|Matthew Henry's Concise Commentary|
13:19-22 Babylon was a noble city; yet it should be wholly destroyed. None shall dwell there. It shall be a haunt for wild beasts. All this is fulfilled. The fate of this proud city is a proof of the truth of the Bible, and an emblem of the approaching ruin of the New Testament Babylon; a warning to sinners to flee from the wrath to come, and it encourages believers to expect victory over every enemy of their souls, and of the church of God. The whole world changes and is liable to decay. Wherefore let us give diligence to obtain a kingdom which cannot be moved; and in this hope let us hold fast that grace whereby we may serve God acceptably with reverence and godly fear.
Verse 22. - Wild beasts of the islands. In the Hebrew, iyyim, which means "wailers" or "howlers," probably "jackals." The Revised Version gives "wolves." In their desolate houses; or, in their castles (Cheyne). And dragons; i.e. "serpents." These have not been observed recently; but one of our old travelers notes that "the lande of Baby-lone," in his day, "was fulle of dragons and grote serpentes, and dyverse other veney-mouse ecstes alle abouten" (Mandeville, quoted by Ker Porter, 'Travels,' vol. 2. p. 36). Near to come. About one hundred and eighty years elapsed between the utterance of this prophecy and the fall of Babylon - a short period in the lifetime of a nation.
Gill's Exposition of the Entire Bible
And the wild beasts of the islands shall cry in their desolate houses,.... The Targum and Syriac version, "in their palaces", and so the Vulgate Latin; or "with their widows", such as have lost their mates: what creatures are here meant is very uncertain; we in general call them the wild beasts of the islands, because the word is sometimes used for islands; the Targum renders it "cats", wild ones; the Syriac version, "sirens"; and the Arabic, the "hyaenae"; the Septuagint version, "onocentaurs"; and the Vulgate Latin version, "owls", which live in desolate houses, and cry or answer to one another, which is the sense of the phrase here:
and dragons in their pleasant palaces; where they delight to be, though otherwise very dismal. The Septuagint and Arabic versions render it, "hedgehogs": the Syriac version, "wild dogs"; and the Vulgate Latin version, "sirens"; the word is commonly used for "whales", and sometimes for serpents, which seems to be the sense here; and to this agrees the account that R. Benjamin Tudelensis (r) gives of Babylon, who, when he was there, about five or six hundred years ago, saw the palace of Nebuchadnezzar in ruins, but men were afraid to enter into it, because of serpents and scorpions, which were within it. Rauwolff, a German traveller, about the year 1574, reports of the tower of Babylon, that it was so ruinous, so low, and so full of venomous creatures, which lodge in holes made by them in the rubbish, that no one durst approach nearer to it than within half a league, excepting during two months in the winter, when these animals never stir out of their holes (s):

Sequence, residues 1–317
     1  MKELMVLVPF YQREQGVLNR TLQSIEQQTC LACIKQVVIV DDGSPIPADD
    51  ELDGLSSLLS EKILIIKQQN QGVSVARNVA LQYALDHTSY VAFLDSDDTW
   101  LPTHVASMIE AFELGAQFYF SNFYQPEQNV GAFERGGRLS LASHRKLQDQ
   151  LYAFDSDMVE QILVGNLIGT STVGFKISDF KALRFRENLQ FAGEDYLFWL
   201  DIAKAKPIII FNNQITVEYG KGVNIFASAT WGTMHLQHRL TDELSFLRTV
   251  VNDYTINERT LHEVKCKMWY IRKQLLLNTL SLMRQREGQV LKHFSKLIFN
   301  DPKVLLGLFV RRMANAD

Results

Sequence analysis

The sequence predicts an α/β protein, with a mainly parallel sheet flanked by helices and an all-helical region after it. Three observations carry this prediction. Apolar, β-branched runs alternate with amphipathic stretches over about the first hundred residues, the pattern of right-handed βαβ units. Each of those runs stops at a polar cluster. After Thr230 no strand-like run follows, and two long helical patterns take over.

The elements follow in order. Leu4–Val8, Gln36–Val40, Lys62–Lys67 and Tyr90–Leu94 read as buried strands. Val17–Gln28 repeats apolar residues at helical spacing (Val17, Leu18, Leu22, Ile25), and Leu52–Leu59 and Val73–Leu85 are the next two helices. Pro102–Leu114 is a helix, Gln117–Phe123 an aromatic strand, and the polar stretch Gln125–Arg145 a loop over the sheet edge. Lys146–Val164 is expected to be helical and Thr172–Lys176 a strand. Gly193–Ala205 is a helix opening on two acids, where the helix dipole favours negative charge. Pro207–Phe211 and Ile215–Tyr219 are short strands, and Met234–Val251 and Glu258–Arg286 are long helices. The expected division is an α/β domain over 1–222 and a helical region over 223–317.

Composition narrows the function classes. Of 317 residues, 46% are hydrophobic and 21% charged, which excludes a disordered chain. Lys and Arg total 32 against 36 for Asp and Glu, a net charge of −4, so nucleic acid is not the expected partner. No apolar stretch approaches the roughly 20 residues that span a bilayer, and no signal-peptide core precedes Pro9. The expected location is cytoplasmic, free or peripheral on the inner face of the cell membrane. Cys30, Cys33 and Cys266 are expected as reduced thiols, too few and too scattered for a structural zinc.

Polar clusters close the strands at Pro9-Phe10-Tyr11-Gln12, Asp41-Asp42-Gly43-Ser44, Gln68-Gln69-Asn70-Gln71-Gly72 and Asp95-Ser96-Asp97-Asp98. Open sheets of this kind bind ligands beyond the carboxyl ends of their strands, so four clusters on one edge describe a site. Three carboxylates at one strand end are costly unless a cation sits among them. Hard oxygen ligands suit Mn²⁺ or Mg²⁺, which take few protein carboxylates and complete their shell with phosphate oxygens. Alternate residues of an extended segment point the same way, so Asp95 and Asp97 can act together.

and her time is near to come; that is, the time of the destruction of Babylon, as the Targum expresses it; which, though two hundred years or more from the time of this prophecy, yet but a short time with God; and when this was made known to the Jews in captivity, for whose comfort it is written, it was not afar off:
and her days shall not be prolonged; the days of her prosperity and happiness, but should be shortened.
(r) Itinerarium, p. 76. (s) Vid. Prideaux's Connection, par. 1. p. 569.
Jamieson-Fausset-Brown Bible Commentary
22. wild beasts of the islands—rather, "jackals"; called by the Arabs "sons of howling"; an animal midway between a fox and a wolf [Bochart and Maurer].
cry—rather, "answer," "respond" to each other, as wolves do at night, producing a most dismal effect.
dragons—serpents of various species, which hiss and utter dolorous sounds. Fable gave them wings, because they stand with much of the body elevated and then dart swiftly. Maurer understands here another species of jackal.
her time … near—though one hundred seventy-four years distant, yet "near" to Isaiah, who is supposed to be speaking to the Jews as if now captives in Babylon (Isa 14:1, 2).
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